Remembering and Recollecting World War Two: South African Perspectives

 

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dc.contributor.advisor Bickford-Smith, Vivian en_ZA
dc.contributor.author Walton, Sarah-Jane en_ZA
dc.date.accessioned 2015-05-28T12:29:20Z
dc.date.available 2015-05-28T12:29:20Z
dc.date.issued 2014 en_ZA
dc.identifier.citation Walton, S. 2014. Remembering and Recollecting World War Two: South African Perspectives. University of Cape Town. en_ZA
dc.identifier.uri http://hdl.handle.net/11427/13025
dc.description Includes bibliographical references. en_ZA
dc.description.abstract This thesis explores some of the memories and recollections of World War Two in South Africa today. It aims to address an absence of work done on South Africa in relation to World War Two, memory and commemoration. This thesis is as much about the diverse processes of remembrance and recollection as it is about the war itself and assumes that memories of the war can be located in different media. Accordingly the chapters herein are each delegated a media form, from newspapers, literature, memorials, film and photography to oral interviews, in which ‘memories’ of the war are located. The arrangement of the chapters mimics the history of the war’s remembrance in South Africa as it moved from public to private remembrance. This follows the historical context of South Africa from the war period until approximately mid-2013. The white Anglophone experience is given prominence in approaching the subject of commemoration and World War Two in Cape Town. This is motivated by Vivian Bickford- Smith and John Lambert, both of whom recognise it as South Africa’s ‘forgotten identity.’1 Nevertheless other non-white memories of the war are also discussed as important to understanding South Africa’s relationship to it. In particular, the sons and daughters of the Cape Corps briefly feature in this thesis in recognition of a greater Anglophone identity that is not necessarily bound by race. Black recruits are also touched upon as an oft-forgotten group involved in the war. Accordingly this thesis emphasizes that although some experiences and memories were shaped by race, there were others that transcended it. Lastly the different media forms discussed within this thesis are suggestive of technology’s advances and its impact on the way memories are stored and retrieved. Ultimately, despite the fact that the war has fallen out of public remembrance in Cape Town today, this thesis concludes that it remains important to a few groups and individuals for whom it continues to inform a sense of history and identity. en_ZA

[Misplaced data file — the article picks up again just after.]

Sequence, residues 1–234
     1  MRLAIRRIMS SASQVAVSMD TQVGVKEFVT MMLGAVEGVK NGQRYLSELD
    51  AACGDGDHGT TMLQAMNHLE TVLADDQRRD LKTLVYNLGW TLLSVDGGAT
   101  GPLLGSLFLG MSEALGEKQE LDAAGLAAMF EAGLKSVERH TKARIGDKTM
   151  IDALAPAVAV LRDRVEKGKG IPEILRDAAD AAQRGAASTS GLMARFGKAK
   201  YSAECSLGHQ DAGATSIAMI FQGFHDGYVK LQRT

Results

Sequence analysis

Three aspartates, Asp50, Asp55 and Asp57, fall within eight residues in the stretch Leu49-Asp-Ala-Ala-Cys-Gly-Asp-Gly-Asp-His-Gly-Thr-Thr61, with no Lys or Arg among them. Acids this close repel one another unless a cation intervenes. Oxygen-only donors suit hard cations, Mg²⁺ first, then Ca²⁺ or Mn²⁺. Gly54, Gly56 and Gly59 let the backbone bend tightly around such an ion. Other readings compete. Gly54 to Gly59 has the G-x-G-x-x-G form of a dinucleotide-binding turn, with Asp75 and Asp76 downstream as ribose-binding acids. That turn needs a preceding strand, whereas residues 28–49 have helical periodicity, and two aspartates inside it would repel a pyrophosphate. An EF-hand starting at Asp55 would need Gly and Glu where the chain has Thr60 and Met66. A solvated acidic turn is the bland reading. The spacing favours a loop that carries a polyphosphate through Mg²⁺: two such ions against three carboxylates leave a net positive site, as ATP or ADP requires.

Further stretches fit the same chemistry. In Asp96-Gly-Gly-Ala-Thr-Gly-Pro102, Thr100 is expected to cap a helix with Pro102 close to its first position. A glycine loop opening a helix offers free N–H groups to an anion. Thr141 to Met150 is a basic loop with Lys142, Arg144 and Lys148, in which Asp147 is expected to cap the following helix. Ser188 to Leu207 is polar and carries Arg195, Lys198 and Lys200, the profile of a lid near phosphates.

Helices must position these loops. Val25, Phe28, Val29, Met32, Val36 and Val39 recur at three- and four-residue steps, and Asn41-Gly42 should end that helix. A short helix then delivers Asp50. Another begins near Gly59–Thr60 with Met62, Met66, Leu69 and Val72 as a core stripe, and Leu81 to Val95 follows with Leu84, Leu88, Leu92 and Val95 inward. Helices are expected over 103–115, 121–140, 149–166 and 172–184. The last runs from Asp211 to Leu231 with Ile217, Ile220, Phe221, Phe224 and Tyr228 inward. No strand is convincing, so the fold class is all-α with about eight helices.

dc.language.iso eng en_ZA
dc.subject.other Historical Studies en_ZA
dc.title Remembering and Recollecting World War Two: South African Perspectives en_ZA
dc.type Thesis / Dissertation en_ZA
uct.type.publication Research en_ZA
uct.type.resource Thesis en_ZA
dc.publisher.institution University of Cape Town
dc.publisher.faculty Faculty of Humanities en_ZA
dc.publisher.department Department of Historical Studies en_ZA
dc.type.qualificationlevel Masters en_ZA
dc.type.qualificationname MA en_ZA
uct.type.filetype Text
uct.type.filetype Image


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